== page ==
Bill, why do you ask for "proof" while at the same time challenging the source of the proof? If you wanted a scientific explanation of light refraction, would you ban the use of a physics text or the testimony of a physicist? If you wanted medical explantion of drug interaction, would you deny using the PDR or the statements of a physician or pharmacist?

Part of the proof of Christianity is, sadly, the disunity that results from the confession of Christ and sound, Biblical preaching and teaching. Your challenge is that of "the Greeks" whom Paul mentioned in 1 Corinthians 1:18-25. He wrote:

For the word of the cross is folly to those who are perishing, but to us who are being saved it is the power of God. For it is written, "I will destroy the wisdom of the wise, and the discernment of the discerning I will thwart."

Where is the one who is wise? Where is the scribe? Where is the debater of this age? Has not God made foolish the wisdom of the world? For since, in the wisdom of God, the world did not know God through wisdom, it pleased God through the folly of what we preach to save those who believe. For Jews demand signs and Greeks seek wisdom, but we preach Christ crucified, a stumbling block to Jews and folly to Gentiles, but to those who are called, both Jews and Greeks, Christ the power of God and the wisdom of God. For the foolishness of God is wiser than men, and the weakness of God is stronger than men.
ESV

Unless you receive Christ on His terms, people like you will always ignore, pity, or scoff at people like me, for we will remain fools in the eyes of all who do not believe in Christ crucified and raised, "the power of God and the wisdom of God."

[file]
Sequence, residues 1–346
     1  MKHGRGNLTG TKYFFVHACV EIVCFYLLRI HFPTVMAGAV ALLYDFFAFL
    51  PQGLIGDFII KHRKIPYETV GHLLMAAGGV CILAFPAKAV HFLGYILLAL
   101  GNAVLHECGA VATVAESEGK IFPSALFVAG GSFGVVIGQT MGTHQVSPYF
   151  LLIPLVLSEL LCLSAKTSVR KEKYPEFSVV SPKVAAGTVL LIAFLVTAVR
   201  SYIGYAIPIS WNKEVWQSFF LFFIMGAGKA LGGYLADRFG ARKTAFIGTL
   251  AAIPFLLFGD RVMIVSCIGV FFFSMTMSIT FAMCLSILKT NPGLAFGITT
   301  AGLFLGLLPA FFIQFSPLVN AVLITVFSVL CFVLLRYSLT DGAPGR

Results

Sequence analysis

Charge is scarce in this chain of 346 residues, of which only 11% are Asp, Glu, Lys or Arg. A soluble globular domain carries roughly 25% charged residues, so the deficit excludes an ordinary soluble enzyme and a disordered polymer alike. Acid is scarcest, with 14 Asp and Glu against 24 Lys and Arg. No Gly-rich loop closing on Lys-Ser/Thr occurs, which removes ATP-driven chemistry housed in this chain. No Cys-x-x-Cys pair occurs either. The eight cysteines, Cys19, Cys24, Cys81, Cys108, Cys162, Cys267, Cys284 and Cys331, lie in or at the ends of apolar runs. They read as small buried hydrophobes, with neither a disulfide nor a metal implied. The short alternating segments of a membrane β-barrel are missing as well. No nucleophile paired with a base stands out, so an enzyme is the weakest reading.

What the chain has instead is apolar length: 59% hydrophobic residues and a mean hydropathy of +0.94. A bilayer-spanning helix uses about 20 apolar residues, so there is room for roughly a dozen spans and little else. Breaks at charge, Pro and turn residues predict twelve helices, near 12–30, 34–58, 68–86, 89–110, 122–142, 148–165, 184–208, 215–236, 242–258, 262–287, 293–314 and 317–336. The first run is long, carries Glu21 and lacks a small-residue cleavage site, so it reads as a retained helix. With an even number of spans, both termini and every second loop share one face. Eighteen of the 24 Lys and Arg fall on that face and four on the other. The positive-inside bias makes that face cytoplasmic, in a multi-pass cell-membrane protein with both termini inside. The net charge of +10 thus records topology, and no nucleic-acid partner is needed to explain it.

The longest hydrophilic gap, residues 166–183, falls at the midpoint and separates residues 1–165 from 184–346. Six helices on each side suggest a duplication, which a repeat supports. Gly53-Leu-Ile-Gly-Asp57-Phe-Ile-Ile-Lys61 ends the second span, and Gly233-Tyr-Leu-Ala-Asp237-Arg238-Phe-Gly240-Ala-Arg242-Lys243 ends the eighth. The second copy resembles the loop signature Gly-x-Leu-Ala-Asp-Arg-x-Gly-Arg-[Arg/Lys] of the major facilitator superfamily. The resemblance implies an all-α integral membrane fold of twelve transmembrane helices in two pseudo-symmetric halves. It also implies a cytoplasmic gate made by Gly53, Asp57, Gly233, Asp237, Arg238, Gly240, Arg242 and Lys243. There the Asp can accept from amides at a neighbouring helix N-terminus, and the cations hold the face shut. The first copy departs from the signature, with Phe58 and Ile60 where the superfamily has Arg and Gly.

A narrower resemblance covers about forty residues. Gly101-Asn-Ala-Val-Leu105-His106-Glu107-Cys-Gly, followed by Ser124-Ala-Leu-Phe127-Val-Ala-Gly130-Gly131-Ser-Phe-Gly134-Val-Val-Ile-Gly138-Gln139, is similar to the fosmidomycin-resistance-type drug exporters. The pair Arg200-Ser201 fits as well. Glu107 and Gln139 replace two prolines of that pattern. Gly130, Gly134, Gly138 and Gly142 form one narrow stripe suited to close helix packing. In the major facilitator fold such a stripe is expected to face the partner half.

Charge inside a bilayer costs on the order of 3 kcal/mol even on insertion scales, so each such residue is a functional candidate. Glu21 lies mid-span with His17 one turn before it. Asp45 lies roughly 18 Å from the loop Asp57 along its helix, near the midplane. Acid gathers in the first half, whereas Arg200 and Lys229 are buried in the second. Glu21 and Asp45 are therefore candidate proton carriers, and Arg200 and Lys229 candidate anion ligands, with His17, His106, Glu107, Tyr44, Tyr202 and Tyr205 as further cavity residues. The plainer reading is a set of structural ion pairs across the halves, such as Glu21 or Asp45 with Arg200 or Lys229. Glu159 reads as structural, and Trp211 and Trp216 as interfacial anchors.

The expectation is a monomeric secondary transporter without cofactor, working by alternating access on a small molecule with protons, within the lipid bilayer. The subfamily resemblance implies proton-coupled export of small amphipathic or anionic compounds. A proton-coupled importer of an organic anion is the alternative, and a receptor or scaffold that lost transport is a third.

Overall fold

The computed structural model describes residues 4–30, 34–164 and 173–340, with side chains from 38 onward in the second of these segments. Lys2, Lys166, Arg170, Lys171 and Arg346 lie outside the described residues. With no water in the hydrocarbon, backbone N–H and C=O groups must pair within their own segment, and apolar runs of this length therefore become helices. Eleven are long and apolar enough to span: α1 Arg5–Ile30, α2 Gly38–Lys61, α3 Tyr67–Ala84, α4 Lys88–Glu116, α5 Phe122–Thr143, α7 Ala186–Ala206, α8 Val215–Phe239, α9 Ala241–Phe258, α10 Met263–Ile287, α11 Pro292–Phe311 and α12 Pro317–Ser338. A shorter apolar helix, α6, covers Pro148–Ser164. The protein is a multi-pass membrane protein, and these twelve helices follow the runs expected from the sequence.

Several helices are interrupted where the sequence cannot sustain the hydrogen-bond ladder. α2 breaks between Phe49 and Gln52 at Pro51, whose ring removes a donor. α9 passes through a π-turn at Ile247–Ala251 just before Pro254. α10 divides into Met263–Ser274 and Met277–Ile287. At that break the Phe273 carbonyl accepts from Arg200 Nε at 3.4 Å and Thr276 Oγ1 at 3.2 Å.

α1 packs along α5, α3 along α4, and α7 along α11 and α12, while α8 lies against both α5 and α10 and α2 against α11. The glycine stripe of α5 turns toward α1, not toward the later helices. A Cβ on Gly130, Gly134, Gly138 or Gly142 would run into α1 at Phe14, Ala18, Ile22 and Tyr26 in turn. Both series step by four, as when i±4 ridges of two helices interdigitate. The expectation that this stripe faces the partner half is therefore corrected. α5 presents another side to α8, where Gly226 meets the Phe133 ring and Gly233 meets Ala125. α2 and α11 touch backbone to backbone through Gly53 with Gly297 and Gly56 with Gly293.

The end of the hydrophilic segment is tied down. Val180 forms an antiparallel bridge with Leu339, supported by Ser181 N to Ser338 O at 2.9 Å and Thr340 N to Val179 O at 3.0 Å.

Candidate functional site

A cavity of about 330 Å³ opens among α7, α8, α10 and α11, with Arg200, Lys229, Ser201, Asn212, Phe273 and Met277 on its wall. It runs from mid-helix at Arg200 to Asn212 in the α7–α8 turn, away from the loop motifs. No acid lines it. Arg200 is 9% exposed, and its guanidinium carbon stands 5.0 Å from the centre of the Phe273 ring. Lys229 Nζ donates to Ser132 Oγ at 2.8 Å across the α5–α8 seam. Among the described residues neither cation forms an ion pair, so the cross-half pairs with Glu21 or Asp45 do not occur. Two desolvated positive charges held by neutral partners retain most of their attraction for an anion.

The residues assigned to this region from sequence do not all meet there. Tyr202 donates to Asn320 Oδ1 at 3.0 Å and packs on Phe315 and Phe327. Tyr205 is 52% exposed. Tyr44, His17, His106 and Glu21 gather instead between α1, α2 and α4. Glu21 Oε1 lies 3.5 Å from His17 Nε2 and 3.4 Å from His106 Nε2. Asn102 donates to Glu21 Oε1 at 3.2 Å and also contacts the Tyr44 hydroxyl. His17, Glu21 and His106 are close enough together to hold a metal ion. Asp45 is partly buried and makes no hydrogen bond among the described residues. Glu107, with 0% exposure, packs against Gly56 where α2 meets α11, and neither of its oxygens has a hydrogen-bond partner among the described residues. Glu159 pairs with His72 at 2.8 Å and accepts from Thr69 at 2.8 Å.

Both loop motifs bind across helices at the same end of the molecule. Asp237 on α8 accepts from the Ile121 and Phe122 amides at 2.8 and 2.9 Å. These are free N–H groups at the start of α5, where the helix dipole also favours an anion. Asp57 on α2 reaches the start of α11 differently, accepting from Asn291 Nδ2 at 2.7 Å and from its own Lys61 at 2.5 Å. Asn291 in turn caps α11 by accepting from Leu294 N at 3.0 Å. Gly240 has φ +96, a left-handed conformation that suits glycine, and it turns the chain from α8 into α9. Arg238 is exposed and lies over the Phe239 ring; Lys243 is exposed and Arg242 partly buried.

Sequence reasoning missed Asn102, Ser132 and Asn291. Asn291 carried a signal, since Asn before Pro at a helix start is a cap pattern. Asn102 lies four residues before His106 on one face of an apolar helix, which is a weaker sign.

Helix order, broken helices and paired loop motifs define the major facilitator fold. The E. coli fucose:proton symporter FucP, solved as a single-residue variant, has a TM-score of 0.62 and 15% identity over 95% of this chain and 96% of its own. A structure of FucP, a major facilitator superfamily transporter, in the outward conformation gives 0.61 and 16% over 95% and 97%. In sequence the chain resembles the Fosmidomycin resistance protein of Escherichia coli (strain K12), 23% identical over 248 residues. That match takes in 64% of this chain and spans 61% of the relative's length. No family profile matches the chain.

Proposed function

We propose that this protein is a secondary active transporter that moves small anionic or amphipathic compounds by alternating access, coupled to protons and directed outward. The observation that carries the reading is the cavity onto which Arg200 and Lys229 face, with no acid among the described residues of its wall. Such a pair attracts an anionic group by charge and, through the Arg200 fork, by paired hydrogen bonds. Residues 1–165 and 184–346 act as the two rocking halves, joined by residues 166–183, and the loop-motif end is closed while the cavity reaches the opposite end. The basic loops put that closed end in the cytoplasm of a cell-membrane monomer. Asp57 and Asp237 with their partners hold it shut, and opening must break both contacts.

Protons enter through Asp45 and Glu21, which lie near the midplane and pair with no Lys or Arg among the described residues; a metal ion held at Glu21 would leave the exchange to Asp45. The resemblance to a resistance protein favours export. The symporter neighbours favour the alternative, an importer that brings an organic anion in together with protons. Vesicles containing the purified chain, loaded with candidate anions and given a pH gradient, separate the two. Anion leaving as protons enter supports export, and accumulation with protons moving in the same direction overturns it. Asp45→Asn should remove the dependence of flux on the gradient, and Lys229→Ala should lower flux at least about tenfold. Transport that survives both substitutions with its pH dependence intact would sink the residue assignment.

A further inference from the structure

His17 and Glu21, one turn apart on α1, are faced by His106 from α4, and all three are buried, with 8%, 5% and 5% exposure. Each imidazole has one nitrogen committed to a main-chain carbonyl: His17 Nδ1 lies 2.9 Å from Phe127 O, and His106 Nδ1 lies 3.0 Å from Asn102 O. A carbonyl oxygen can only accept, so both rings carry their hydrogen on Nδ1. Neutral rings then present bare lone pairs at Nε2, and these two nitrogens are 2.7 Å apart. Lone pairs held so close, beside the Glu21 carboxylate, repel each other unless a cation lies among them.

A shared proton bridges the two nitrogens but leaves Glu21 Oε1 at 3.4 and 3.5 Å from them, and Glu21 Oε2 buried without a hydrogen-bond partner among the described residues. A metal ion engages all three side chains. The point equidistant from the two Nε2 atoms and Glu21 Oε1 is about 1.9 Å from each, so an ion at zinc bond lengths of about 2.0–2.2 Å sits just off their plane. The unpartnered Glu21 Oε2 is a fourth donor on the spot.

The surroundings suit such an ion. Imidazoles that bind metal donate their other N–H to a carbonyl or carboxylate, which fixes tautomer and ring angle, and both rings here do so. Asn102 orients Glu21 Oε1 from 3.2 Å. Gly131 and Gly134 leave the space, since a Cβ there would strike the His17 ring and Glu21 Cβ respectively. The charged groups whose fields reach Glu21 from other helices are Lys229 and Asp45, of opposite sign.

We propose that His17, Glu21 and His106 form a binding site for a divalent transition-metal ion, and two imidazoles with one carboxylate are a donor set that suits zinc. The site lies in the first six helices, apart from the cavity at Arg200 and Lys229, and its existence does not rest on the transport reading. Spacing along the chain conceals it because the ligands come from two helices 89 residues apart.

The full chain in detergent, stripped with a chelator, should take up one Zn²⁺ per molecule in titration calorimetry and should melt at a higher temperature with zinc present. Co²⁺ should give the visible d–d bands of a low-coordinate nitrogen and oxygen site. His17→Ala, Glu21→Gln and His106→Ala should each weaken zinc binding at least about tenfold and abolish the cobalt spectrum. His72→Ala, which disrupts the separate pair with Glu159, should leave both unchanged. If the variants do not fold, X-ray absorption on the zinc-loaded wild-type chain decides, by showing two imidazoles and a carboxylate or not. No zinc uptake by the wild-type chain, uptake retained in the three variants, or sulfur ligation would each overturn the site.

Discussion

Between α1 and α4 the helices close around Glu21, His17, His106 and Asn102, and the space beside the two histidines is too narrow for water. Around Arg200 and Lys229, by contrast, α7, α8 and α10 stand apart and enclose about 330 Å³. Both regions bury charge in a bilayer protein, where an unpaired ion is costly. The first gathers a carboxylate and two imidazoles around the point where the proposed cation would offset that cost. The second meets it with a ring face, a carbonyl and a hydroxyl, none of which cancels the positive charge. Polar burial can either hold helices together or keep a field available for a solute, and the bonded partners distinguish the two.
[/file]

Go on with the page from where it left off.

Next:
Orycteropus +

30 July, 2005 00:03  
Blogger Webcritter said...

Dear Bill:

Where do you get your information about Jesus?

Lutherans (and other Christians) get their information about Jesus from the Bible. In it, we find answers to questions like yours. The Bible is the record of what God has told us about Himself. We can't reach God by our own efforts, we can't perform experiments to see what He is like. We must rely on what He has told us.

First, Jesus could read; he read the Scriptures in the synagogue: Luke 4:14-21

"Bible" is taken from the Greek word for "book." After Jesus rose from the dead, He explained what the Scriptures had to say about Him to his followers: Luke 24:25-27 And then He told them to instruct others in everything He'd taught them: Matt 28:18-20 He, as God, inspired their writings. 2 Timothy 3:16

The Gospel (Good News) is the same for all Christians. 1 Cor 15:1-6 That Christians disagree on some things does not negate that message.

- Webcritter

30 July, 2005 19:42  
Anonymous gnuguy said...

I'm not so sure I could add anything to what's already been said except to say that I find the argument about the Bible not having any authority to be rather specious in light of the fact that it is the most well attested book of any genre from antiquity. No one questions, for instance, the contents or authorship of Plato's "Republic," yet the manuscript evidence for such a belief occurs somewhere around 2,000 years after the original autograph. There are literally hundreds of manuscripts and fragments of manuscripts of the Biblical text from very early, say within 20 or 30 years. And although it can't be proven, it's possible that we actually do possess some of the original documents in the pen of the original authors. Yet in spite of such strong manuscript evidence people still refuse to accept the fact that the Biblical documents are, in fact, reliable.